Help! My Chicken Is Egg Bound

At A Glance (Details Below)

Emergency Care

How To Treat An Egg Bound Chicken

  1. Beware- true egg binding is extremely rare in domestic chickens
  2. When a chicken is egg bound, it is mostly due to poor nutrition such as attempting to feed chickens entirely on table scraps
  3. Most cases of suspected egg binding turn out to be egg peritonitis or internal lay

 

Now dive deeper.

How do I treat my egg bound chicken? This is a common question we get asked about backyard poultry.

What Is Egg Binding?

What if I said egg binding in chickens doesn’t happen? What if most of the internet advice and guide books on how to treat your egg bound chicken are not only wrong and a waste of time, but actually harmful to a sick chook with a completely different problem?

If you have chickens and want to know how to get them to live a long life, or want help choosing chicken breeds, then this is the blog for you. Because the disease that people wrongly think is egg binding is the number one killer of chickens.

OK, there are some chickens that actually do get egg bound. It’s when an egg gets stuck, typically associated with low calcium diets. However it’s so rare in chickens that in over 20 years I’ve only seen it once. Visit this page to learn more about the diseases of chickens.

Yolk Peritonitis vs Egg Binding

The REAL disease is egg peritonitis, also called internal lay. This is a nasty, fatal inflammatory reaction which happens when an egg yolk is released in the abdomen. Normally egg yolks are passed from the ovary to the oviduct. However, in this case the yolk is either ruptured (we all know how fragile they are) or misses its target.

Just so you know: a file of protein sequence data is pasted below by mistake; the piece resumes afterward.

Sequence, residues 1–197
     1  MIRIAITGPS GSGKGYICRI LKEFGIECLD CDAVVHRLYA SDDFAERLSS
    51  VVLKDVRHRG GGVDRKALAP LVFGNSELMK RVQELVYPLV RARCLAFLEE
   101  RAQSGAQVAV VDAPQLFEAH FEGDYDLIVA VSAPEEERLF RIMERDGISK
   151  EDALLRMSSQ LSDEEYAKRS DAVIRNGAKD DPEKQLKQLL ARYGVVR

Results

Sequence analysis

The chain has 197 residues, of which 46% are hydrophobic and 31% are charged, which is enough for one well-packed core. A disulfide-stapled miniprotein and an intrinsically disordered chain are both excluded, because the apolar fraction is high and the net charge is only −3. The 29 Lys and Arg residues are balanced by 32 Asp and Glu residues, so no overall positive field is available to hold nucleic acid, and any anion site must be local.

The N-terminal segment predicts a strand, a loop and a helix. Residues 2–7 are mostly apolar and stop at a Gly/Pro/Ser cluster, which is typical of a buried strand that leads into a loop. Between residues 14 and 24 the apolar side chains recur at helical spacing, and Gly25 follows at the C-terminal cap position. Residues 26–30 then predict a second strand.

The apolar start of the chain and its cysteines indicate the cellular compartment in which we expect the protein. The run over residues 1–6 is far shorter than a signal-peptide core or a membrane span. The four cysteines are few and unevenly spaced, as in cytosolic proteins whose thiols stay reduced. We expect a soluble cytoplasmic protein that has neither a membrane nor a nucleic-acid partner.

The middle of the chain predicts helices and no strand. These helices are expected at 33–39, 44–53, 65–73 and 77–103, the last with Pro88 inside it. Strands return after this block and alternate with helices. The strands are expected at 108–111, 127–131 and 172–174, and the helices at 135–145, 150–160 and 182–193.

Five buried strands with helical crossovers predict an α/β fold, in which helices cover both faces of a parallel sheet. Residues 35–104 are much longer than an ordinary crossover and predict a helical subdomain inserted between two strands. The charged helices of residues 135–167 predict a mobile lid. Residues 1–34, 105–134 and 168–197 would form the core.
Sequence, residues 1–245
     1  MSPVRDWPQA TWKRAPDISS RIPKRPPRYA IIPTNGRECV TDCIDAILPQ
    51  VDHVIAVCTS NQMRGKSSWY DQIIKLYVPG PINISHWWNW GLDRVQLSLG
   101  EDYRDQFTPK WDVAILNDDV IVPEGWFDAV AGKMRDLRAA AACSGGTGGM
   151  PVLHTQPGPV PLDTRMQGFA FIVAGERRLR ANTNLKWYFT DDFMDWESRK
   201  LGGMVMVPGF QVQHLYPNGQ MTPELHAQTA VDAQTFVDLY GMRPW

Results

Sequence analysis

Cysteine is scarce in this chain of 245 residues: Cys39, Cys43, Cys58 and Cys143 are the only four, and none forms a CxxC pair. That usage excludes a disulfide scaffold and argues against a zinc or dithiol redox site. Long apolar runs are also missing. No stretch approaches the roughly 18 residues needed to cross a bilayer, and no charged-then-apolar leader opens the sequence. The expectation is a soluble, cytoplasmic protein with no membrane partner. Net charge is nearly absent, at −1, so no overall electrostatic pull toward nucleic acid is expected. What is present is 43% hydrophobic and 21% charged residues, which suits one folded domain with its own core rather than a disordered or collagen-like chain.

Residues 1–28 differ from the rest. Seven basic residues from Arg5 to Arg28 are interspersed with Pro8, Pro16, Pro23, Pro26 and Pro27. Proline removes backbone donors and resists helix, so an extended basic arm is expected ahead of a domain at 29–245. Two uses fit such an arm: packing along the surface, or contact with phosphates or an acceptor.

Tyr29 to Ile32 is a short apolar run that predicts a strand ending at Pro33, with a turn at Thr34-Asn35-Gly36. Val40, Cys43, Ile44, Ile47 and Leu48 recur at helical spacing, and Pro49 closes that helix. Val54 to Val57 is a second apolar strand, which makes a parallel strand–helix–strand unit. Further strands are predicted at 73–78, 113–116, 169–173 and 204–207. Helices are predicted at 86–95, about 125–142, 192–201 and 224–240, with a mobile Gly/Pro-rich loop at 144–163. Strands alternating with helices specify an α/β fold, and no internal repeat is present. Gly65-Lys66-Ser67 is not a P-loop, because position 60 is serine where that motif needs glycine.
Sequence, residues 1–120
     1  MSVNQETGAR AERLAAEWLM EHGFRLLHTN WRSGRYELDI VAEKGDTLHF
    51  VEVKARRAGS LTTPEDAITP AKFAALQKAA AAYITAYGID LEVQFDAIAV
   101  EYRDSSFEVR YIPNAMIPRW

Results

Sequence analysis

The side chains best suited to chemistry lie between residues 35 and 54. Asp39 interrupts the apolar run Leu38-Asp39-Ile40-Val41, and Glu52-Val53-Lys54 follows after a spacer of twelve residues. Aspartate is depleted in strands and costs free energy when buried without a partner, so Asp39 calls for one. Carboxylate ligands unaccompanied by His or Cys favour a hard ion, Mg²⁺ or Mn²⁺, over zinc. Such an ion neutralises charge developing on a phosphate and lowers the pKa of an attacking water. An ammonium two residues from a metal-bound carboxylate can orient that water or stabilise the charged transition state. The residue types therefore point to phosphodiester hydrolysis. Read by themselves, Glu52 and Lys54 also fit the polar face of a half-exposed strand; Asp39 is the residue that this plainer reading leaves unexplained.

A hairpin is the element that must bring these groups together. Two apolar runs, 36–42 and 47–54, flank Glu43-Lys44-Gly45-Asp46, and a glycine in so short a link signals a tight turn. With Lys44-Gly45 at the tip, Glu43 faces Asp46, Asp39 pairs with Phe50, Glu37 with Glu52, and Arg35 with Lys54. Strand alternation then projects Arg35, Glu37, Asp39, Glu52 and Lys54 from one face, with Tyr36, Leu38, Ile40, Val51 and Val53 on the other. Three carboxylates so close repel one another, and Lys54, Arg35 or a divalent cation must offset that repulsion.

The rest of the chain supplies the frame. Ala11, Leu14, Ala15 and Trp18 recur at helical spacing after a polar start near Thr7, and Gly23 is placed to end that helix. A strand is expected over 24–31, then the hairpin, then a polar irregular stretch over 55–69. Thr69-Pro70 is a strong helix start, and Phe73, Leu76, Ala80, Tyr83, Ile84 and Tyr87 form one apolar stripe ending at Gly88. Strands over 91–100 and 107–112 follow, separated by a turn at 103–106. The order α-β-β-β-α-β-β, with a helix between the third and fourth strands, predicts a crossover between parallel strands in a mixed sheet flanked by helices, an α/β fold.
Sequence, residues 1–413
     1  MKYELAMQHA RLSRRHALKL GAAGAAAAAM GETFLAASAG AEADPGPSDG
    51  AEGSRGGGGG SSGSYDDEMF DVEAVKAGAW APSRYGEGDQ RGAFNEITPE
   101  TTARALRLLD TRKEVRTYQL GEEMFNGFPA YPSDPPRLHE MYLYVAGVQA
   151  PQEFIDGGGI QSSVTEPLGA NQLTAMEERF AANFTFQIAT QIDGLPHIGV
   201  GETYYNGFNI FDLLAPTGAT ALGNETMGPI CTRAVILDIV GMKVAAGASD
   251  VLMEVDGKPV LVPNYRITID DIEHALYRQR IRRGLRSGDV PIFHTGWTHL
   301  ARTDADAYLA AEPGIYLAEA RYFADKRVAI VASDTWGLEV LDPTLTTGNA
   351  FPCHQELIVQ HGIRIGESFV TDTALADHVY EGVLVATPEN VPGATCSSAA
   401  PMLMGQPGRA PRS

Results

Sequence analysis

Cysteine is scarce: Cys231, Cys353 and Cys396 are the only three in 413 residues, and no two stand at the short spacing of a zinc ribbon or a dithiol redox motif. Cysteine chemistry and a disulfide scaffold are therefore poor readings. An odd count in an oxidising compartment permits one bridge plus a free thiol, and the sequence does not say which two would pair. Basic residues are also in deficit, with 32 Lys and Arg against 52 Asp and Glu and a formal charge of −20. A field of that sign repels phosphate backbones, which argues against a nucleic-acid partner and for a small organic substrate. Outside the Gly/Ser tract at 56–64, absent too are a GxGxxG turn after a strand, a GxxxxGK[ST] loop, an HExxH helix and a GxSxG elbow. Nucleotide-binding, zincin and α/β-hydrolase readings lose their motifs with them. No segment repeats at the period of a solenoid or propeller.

Australorp and ISA brown chickenWhy does it happen? No one can say for sure, but it may be when birds are spooked, or handled roughly, or laying one egg at the same time as ovulating another. What is important is that it happens mainly to the high-producing breeds.

ISA Browns are the commonest point-of-lay pullets sold in Adelaide (one is shown here with an Australorp). They are beautiful animals with unique personalities and become loved like any pets. However, despite the fact that a chicken can live 8 or 9 years (the record is 16!) most ISA Browns seem to die between two and three years of age.

Treatment Of Egg Peritonitis

Cocoa the ISA Brown ChickenEgg peritonitis looks like any sick chook: quiet, fluffed up, not laying. Any chicken like this should see a vet quickly. Many chicken diseases can be treated successfully but it requires their owners to think of them as pets, not just egg producers.

Just such a chicken is Cocoa. When she first presented to us with egg peritonitis, we helped her owner nurse her back to health. Then we inserted an implant which stops her laying future eggs. Luckily her owner doesn’t care if she never produces another egg.

Prevention Of Egg Peritonitis